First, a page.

LEGO NINJAGO 71750 Lloyd’s Hydro Mech was originally very different

The newly-released LEGO NINJAGO 71750 Lloyd’s Hydro Mech was originally twice the size of the finished set – and a completely different colour.

That’s because the entry-level product of this summer’s Seabound wave was initially intended to belong to Kai rather than Lloyd, and was therefore red rather than green – at least according to designer Niek van Slagmaat, who revealed the history behind 71750 Lloyd’s Hydro Mech to Brick Fanatics during this year’s LEGO Fan Media event.

“When I made the very first sketch model, it was Kai’s mech, and it was $40,” Niek says. “So it was quite a bit bigger, and it was red, and looked a lot more like a crab. But because our Seabound sets are all skewed quite high in price – we have the $100 71755 Temple of the Endless Sea and $130 71756 Hydro Bounty – we wanted to make sure that the [cheaper sets] were actually at a lower price point.

“We swapped it to a $20 set instead, and for story reasons, we swapped it to being Lloyd instead of Kai’s mech. And because we did that, I basically had to make the model from scratch, because there was very little overlap there.”

LEGO NINJAGO 71750 Lloyds Hydro Mech 1 1

There was another factor at play in reworking the model, though: scaling back the price tag (and subsequently, the size) also meant scaling back the complexity of the build, in order to make the set more accessible to a broader and younger audience.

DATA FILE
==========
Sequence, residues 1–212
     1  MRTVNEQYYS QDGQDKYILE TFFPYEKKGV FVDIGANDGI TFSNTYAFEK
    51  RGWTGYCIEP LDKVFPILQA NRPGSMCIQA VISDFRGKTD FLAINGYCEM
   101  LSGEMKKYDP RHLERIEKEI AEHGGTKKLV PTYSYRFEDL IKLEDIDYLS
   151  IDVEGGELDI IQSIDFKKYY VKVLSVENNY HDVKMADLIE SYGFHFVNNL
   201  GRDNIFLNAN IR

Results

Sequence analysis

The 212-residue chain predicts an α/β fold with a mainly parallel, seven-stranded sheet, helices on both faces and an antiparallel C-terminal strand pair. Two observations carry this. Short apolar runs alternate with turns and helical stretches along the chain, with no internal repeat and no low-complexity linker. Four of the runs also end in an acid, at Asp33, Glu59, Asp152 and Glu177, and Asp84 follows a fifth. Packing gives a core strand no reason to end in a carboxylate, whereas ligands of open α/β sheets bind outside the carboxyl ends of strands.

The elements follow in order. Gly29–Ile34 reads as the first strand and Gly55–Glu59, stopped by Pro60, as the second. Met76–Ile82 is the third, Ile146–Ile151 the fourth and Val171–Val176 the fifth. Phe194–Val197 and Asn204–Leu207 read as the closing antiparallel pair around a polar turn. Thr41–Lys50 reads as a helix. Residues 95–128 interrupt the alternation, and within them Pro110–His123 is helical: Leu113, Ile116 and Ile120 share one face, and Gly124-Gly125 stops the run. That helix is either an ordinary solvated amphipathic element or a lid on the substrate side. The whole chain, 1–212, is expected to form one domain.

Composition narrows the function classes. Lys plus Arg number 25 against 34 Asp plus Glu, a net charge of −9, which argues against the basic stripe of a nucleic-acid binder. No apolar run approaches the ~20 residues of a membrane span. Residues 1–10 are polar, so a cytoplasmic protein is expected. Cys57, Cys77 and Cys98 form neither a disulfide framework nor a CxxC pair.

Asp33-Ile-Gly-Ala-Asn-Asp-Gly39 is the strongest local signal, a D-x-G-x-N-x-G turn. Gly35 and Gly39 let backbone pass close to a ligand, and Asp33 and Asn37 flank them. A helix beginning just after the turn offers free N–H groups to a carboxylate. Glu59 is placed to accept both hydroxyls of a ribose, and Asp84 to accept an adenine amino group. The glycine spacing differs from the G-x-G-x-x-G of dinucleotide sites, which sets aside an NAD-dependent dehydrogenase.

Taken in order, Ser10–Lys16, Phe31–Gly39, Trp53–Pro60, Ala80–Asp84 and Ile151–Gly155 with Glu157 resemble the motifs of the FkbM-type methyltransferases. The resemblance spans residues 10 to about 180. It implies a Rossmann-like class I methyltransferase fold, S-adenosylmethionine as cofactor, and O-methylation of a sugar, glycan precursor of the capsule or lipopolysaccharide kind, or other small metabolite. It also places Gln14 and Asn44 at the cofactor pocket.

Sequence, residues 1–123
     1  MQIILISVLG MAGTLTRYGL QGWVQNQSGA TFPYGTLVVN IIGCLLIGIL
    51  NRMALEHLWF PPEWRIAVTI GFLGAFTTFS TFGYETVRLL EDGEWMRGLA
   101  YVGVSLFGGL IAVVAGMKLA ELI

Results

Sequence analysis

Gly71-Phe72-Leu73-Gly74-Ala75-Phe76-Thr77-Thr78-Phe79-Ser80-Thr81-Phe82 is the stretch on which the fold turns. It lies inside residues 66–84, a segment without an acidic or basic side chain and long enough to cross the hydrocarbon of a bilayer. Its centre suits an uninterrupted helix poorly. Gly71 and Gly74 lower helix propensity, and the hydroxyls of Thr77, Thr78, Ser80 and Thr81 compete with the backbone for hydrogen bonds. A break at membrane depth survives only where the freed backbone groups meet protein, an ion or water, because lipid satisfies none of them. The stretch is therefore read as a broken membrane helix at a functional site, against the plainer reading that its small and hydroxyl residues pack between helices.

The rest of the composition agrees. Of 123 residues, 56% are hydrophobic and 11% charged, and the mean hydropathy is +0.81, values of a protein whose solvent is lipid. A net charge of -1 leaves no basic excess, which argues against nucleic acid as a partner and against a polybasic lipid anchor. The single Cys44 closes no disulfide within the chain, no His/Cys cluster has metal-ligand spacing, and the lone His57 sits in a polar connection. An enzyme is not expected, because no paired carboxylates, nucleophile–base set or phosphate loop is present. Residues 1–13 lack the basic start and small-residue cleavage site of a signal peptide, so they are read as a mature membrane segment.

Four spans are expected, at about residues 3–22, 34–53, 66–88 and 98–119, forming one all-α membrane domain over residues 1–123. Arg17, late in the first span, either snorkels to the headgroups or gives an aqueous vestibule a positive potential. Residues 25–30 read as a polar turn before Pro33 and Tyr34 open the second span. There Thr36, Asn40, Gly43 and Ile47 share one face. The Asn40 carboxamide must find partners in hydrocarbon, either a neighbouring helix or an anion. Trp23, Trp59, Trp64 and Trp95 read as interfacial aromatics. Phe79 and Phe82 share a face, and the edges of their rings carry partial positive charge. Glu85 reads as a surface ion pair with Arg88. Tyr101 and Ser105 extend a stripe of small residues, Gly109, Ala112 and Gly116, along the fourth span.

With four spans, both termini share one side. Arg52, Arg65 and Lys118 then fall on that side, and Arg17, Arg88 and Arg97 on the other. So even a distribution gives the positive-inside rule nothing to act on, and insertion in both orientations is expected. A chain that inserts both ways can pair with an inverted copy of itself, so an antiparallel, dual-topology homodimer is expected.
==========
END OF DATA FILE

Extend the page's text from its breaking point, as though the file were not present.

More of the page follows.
“Larger sets tend to have higher price points and higher age marks as well,” Niek explains. “If we have a lower price point, we always try to also make it a lower age mark, to give younger kids an entry into NINJAGO, and especially into the current storyline of NINJAGO.

“So when we decided on the $20 set, we also decided to make it 7+ instead, which actually makes pretty drastic changes to the way that it’s allowed to be built for those kids. That’s both in the actual build but also in the pieces that we’re allowed to use, because some pieces are much harder to recognise for seven-year-olds than they are for eight-year-olds, so there’s a lot of challenges there in the way that it was built.”

That’s not to say that nothing from the original sketch model survived in 71750 Lloyd’s Hydro Mech, though. While the core build and colours may have changed from that original Kai-themed mech, the spirit of the crab-like design was consistent all the way through – even in switching to Lloyd’s mix of greens.

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“The main thing that we wanted to keep was the underwater aesthetic, of course,” Niek says. “We also always wanted it to be asymmetrical, because crabs often have one larger claw than the other. I combined that with one of my favourite tropes in swordfighting character design: the left arm is heavily armoured to withstand blows when you turn to face your foe, whereas the other arm is lighter because it needs to carry the force and the speed of the sword when you’re fighting.

“I think that combination of things, along with a Kendo aesthetic with the skirt, all came together to form a very weird amalgamation of a lot of different ideas, but I’m actually very happy with how it turned out.”

71750 Lloyd’s Hydro Mech is available to order from right now, alongside the rest of the NINJAGO Seabound wave.

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Chris Wharfe

I like to think of myself as a journalist first, LEGO fan second, but we all know that’s not really the case. Journalism does run through my veins, though, like some kind of weird literary blood – the sort that will no doubt one day lead to a stress-induced heart malfunction. It’s like smoking, only worse. Thankfully, I get to write about LEGO until then. You can follow me on Twitter at @brfa_chris.

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